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Mistletoe and Wine

download (7)I’m writing this at the beginning of October, so forgive me if it’s a wee bit premature, but we really need to start thinking about Christmas. Primarily because in December we’re all going to be too busy to sort out any of this nonsense, but also because we’ve had an idea that might need a bit of planning.

Normally we end the year with a tasting of our favourite wine and a slap-up meal, but this year we’ll go to town and do it TWICE!

Join us on the last Sunday of November for a fancy meal at The Walnut It’s the usual deal: £35 for loads of booze and loads of (very good) food. The three of us have selected three drinks each for the occasion, with the vague theme of old school classics – think Bordeaux, Rioja and the like. Tickets are available HERE (SOLD OUT)

And the very next week we’ll do it all over again, this time showcasing a bunch of quirkier wines that have come to our attention over the past year. Tickets for our meal on the first Sunday of December are available HERE (handful of tickets left)

I hope it isn’t too early to suggest talk about this, but our tastings always sell out quickly and these are going to be lots of fun. So I hope you can make it to one (or both!) of them.

Cheers!

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Port Y’All

images (1)Just over a year ago we were lucky enough to have Marta Mateus from Marta wine visit us to give the rundown of her varied (and frankly rather fantastic) Portuguese wines. The event turned out to be our fastest selling wine dinner ever.and a bloody good evening to boot.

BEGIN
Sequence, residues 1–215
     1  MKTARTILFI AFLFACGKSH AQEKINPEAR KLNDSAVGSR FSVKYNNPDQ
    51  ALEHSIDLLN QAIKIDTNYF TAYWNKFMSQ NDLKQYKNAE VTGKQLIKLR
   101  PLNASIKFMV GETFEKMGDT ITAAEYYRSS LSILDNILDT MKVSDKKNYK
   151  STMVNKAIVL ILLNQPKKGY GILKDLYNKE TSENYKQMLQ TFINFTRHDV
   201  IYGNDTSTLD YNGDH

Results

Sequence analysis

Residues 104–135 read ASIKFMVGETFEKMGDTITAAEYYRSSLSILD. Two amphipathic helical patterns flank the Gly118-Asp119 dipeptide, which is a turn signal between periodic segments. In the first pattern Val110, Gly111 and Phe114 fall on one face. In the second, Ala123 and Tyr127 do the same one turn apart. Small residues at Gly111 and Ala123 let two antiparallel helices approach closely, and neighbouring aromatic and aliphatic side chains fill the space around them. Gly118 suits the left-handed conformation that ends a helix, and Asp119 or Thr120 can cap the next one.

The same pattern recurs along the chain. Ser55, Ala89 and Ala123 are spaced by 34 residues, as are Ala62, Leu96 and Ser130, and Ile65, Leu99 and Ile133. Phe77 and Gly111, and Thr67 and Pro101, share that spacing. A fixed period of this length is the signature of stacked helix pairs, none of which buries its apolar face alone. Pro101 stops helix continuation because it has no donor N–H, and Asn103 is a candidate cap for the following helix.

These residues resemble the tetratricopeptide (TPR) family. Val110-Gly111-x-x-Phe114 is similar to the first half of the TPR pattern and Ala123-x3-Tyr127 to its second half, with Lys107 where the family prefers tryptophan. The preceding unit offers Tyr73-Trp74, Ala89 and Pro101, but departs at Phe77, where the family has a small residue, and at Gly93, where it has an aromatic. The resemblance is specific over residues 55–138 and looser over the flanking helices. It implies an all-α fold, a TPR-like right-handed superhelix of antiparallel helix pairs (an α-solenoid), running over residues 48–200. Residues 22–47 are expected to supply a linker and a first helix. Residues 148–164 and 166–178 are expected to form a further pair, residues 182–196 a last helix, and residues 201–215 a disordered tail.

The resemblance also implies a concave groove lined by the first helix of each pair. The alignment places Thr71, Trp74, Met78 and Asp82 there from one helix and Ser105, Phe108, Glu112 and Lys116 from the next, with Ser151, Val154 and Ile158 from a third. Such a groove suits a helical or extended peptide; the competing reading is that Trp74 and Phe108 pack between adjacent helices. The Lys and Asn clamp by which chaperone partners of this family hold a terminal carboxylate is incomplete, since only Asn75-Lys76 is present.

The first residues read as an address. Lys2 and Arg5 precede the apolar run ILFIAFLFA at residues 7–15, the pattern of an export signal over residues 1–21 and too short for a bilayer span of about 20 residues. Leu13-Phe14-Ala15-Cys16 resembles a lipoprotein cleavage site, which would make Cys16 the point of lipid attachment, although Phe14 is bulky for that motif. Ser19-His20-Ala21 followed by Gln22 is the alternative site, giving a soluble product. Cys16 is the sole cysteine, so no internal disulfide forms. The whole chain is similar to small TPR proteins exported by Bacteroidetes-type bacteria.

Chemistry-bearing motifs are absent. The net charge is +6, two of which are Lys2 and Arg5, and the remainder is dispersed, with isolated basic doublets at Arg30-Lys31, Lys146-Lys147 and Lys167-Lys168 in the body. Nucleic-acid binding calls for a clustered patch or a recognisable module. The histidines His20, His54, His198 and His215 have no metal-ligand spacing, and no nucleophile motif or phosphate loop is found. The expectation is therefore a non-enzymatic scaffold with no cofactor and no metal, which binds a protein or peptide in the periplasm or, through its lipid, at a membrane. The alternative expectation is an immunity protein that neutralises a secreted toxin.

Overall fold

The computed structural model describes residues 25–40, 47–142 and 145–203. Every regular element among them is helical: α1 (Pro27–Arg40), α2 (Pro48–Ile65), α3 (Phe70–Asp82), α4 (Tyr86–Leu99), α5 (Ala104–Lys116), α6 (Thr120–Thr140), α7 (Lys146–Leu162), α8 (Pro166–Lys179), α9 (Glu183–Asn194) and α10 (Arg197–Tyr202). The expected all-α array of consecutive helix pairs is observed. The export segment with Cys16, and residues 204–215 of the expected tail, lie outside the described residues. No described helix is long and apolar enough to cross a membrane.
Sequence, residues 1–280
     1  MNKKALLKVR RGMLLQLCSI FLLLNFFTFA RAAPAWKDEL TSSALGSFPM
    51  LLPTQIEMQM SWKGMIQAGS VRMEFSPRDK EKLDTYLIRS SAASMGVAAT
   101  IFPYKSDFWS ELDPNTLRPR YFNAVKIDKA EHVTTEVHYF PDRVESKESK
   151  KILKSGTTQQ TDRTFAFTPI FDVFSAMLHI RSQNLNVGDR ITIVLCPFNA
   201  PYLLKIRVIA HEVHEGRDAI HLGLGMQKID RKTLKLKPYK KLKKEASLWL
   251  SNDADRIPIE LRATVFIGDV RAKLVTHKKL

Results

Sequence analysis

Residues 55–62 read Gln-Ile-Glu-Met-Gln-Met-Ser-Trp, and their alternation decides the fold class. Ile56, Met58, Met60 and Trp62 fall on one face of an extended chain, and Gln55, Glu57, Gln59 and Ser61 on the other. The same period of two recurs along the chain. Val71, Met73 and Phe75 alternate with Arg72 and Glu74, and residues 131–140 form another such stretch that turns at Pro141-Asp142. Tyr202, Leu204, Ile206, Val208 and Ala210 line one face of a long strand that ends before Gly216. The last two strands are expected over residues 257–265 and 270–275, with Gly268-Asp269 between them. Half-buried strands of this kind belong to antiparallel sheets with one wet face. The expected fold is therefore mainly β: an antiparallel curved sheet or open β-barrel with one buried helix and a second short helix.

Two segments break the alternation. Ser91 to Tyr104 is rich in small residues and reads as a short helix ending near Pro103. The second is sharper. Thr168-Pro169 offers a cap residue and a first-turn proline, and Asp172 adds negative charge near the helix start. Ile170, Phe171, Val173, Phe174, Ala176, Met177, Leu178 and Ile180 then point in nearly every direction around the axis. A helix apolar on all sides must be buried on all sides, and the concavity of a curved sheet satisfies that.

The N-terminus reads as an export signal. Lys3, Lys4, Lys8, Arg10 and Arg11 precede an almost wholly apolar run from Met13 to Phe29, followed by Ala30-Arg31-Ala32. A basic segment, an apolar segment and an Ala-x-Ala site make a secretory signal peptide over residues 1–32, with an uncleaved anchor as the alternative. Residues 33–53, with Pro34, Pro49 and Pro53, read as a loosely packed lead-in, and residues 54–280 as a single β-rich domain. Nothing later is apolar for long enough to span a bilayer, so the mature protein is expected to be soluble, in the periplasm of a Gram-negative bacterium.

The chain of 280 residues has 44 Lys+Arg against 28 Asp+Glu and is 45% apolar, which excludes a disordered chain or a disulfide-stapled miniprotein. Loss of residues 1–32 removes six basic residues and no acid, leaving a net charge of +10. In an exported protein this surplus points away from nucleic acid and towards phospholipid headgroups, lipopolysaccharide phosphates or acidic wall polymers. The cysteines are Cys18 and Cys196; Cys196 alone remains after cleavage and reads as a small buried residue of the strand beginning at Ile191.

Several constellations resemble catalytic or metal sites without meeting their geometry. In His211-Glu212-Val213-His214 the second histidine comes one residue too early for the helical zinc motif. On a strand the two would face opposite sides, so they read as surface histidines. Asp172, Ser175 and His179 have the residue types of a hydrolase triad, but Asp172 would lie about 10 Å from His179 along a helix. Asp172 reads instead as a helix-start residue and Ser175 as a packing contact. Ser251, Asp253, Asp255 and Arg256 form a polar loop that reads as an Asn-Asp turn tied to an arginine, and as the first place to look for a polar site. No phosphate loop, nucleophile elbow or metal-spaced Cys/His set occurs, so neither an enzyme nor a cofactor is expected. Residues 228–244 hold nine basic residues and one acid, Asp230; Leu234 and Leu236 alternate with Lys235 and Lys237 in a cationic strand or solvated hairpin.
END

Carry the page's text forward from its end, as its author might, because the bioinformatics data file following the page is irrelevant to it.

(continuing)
Well, she’s visiting Edinburgh again in September. Which means we’ve obviously booked her for an evening at The Walnut . It’s a smaller venue than last time, so if a liver full of Vinho Verde and Touriga Nacional appeals to you, you had better get your skates on.

Tickets are £35 and are available HERE (or in the shop)

For that you get:

Two courses+cheese of the Walnut’s superlative busting food,
Seven glasses of wine (including some fortified goodies)
Great Chat
That’s it

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Golden Balls

 

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It is an intractable part of human nature to compartmentalise and categorize. Placing useless information in an arbitrary order helps us make sense of the sheer volumes of “stuff” that assaults our ageing and booze addled synapses.

In the world of beer, this amounts to deciding whether to assign bottles to shelves marked “IPA” or “Saison”. But, as in any system of classification there are some very grey areas; after all, one persons “Cascadian Dark Ale, is another’s “Black IPA” or “Dry-Hopped Stout”

But, if there is one category of beer that is almost universally recognised and understood, it’s lager.

Lager: The great leveller, the drink of the global proletariat, the king of beers. Surely, there can be little confusing or uncertain about the world’s most widely drunk booze?

As you probably know, there’s a little bit more to it than that and the drink known as LAAAGERR encompasses a broad selection of bottom fermented beers: From delicate, pale Bavarian Helles, to evil, dark, grainy Doppelbocks.